Exclusive | Didi bars employees from selling shares until Hong Kong listing, internal memo shows
- The ride-hailing giant is telling current employees and those who left in within 180 days to hold onto their stock until after the new listing
- Didi Global is in the process of delisting in New York after a six-month cybersecurity investigation in China that remains ongoing
Employees at China’s ride-hailing giant Didi Global were told that they cannot exert their stock option rights until the day the company completes a listing in Hong Kong, according to an internal memo seen by the South China Morning Post.
The rule applies to all current employees and those who have left within the last 180 days. One reason, according to the memo, is because the company must provide information to the US Securities and Exchange Commission about its stock incentive plan. The memo also cited company rules regarding significant non-public information and the prevention of insider trading.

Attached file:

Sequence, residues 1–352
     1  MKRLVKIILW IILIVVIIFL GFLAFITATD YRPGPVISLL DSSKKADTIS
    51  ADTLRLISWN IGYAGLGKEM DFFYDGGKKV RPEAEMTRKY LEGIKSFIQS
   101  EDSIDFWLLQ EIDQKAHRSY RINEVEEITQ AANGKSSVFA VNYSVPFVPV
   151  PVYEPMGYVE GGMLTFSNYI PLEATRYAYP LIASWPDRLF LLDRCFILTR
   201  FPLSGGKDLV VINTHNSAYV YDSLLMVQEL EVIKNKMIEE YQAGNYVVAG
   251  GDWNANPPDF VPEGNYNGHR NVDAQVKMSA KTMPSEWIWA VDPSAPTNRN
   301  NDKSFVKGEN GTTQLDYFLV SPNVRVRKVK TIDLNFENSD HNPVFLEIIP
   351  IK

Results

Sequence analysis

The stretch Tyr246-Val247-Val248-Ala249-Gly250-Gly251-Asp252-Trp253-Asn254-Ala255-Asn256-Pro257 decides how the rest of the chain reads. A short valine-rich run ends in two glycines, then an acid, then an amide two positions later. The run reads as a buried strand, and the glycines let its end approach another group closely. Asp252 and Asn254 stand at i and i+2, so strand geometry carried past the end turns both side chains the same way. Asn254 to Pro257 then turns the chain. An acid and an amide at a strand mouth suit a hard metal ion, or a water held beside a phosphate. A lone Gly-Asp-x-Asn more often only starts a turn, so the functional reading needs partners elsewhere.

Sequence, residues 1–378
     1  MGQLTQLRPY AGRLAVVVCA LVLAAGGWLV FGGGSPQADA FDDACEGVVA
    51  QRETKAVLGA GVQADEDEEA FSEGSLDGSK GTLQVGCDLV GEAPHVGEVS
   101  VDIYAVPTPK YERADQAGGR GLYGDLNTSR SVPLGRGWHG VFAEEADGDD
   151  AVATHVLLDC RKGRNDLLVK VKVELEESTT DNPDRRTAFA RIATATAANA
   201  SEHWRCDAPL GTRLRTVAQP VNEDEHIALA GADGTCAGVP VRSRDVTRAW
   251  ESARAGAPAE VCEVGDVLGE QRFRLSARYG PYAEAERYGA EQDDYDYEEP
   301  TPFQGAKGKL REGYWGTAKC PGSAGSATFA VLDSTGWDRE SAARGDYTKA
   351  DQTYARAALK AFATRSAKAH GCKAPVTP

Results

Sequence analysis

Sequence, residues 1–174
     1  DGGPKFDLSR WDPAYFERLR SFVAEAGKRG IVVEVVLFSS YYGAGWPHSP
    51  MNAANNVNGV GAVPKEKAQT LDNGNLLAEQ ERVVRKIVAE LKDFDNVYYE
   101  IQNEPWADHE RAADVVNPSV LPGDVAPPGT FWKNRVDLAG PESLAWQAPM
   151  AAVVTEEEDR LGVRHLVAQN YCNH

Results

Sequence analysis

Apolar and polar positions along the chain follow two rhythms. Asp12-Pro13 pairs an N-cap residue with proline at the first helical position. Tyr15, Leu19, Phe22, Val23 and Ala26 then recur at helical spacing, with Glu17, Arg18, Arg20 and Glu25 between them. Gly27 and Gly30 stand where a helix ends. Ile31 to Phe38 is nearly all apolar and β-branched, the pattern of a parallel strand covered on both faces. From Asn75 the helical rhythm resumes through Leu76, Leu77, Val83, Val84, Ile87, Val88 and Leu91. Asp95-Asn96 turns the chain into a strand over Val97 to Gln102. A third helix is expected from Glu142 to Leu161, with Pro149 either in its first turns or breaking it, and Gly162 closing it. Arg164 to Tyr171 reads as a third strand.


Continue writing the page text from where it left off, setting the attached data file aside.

Didi did not immediately respond to a request for comment.
To list in the Asian financial hub before delisting in the US, a process that can take months, Didi would likely pursue a dual-primary listing. Such a listing would be subject to regulatory scrutiny on par with US bourses, industry insiders previously told the Post. For a secondary listing in Hong Kong, a firm must be listed elsewhere for at least two years.
Having a Hong Kong listing ready while delisting in New York would allow investors in the US to convert their American depository receipts into Hong Kong shares. This would give them an option other than cashing out shares that currently trade at about 40 per cent of their IPO value of US$14. Shares closed at US$5.30 on Monday.